FDA hands down guidance on mobile apps
The Food and Drug Administration has issued final guidance on mobile medical apps.
Mobile apps are taking off in the healthcare sphere. The FDA noted their ability to allow “doctors to diagnose patients with potentially life-threatening conditions outside of traditional healthcare settings, help consumers manage their own health and wellness, and also gain access to useful information whenever and wherever they need it.”
The FDA guidance focuses on mobile medical apps that are intended to be used as an accessory, such as a healthcare specialist looking at a medical image from a picture or communication system on a smartphone or tablet. Additionally, it oversees applications that turn the mobile device into a regulated medical device. The latter may include a smartphone meant to become an ECG machine to detect abnormal heart rhythms, or one that can monitor glucose levels for diabetic patients.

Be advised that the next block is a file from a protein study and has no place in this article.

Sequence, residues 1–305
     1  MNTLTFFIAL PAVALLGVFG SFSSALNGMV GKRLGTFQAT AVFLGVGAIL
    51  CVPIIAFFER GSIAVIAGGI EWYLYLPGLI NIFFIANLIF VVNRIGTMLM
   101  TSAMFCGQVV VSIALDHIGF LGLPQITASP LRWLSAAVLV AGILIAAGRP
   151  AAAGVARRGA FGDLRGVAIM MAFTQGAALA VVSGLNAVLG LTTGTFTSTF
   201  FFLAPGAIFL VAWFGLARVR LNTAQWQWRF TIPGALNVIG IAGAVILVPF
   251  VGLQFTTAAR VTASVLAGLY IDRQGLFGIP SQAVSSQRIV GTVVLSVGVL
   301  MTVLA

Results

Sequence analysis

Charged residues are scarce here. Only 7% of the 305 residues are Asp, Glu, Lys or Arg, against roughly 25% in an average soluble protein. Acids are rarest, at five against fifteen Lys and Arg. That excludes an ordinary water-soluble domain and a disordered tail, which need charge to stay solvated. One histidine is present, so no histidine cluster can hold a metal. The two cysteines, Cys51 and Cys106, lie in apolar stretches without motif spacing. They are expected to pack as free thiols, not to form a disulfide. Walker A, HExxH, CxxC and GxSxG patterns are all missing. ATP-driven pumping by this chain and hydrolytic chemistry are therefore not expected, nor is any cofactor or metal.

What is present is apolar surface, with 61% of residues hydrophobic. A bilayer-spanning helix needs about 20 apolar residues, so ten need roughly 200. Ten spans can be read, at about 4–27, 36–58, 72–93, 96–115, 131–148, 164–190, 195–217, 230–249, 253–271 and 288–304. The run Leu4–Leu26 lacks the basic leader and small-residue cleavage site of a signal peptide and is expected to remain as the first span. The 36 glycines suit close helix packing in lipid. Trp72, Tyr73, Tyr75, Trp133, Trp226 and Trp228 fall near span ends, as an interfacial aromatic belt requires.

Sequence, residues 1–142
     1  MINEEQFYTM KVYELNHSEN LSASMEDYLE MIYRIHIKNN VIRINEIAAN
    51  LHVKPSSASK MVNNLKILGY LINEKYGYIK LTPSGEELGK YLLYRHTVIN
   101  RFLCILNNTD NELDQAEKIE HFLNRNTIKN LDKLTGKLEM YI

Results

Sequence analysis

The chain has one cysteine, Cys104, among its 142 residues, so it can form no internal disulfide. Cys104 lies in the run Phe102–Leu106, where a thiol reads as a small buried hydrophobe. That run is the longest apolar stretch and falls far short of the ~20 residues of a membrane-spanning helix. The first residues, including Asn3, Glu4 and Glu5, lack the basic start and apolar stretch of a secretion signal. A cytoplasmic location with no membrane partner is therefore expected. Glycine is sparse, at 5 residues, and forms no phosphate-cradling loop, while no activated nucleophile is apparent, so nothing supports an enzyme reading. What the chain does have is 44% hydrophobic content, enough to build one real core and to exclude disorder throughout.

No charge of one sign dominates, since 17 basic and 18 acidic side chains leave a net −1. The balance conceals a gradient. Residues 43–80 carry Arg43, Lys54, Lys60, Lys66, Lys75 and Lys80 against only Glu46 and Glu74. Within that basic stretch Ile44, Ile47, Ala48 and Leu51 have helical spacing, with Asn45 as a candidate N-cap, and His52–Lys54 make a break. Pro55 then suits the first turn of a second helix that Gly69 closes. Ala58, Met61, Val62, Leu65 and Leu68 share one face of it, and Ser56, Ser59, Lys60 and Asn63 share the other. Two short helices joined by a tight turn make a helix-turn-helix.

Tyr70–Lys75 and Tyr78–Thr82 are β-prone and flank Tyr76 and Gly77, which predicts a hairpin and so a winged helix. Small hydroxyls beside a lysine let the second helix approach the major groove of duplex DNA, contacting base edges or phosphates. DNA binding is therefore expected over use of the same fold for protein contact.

The FDA does not oversee consumer use of apps from distributors such as iTunes, Blackberry's app store, or Google Play. Many senior care vendors have entered the market in this way for activity-related apps, games and cognitive exercises, or ones for fitness monitoring or tracking calories.
“We have worked hard to strike the right balance, reviewing only the mobile apps that have the potential to harm consumers if they do not function properly,” said Jeffrey Shuren, M.D., J.D., director of the FDA's Center for Devices and Radiological Health. “Our mobile medical app policy provides app developers with the clarity needed to support the continued development of these important products.”
The agency said it intended to use discretion for apps that help patients self-manage their disease, track health information or document health conditions. Apps that “automate simple tasks” for providers or allow interaction with an electronic health record also fall into this category.
The agency has cleared about 100 mobile medical applications over the past decade. Around 40 of those were cleared since 2011.